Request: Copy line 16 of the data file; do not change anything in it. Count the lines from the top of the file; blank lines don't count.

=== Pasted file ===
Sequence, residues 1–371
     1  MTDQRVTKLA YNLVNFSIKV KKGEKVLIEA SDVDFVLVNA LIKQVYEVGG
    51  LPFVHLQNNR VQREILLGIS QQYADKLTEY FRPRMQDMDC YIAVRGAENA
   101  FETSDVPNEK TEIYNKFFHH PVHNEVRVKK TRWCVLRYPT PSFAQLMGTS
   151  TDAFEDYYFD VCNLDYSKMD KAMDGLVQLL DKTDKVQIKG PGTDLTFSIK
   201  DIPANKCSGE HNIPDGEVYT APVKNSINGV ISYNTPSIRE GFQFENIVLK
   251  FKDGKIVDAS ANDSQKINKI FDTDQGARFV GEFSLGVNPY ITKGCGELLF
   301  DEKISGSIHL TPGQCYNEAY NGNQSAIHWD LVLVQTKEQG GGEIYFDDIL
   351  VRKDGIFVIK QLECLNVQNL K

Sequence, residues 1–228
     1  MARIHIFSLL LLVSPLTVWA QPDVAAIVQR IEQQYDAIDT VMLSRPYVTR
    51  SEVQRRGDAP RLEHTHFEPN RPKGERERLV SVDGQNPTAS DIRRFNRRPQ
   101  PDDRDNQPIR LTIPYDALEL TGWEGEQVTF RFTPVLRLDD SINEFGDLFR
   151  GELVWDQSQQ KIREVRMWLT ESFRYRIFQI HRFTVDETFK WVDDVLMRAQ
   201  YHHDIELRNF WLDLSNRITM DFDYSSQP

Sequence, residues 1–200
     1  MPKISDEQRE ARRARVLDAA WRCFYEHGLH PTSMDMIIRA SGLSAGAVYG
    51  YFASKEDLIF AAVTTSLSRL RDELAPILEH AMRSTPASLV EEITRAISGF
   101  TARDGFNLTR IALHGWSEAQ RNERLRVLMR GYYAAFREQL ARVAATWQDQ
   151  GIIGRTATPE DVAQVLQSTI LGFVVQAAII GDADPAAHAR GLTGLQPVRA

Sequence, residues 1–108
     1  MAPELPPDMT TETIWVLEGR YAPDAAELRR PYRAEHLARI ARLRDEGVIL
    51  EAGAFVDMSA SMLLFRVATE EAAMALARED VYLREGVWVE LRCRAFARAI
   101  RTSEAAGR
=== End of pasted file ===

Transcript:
Sequence, residues 1–200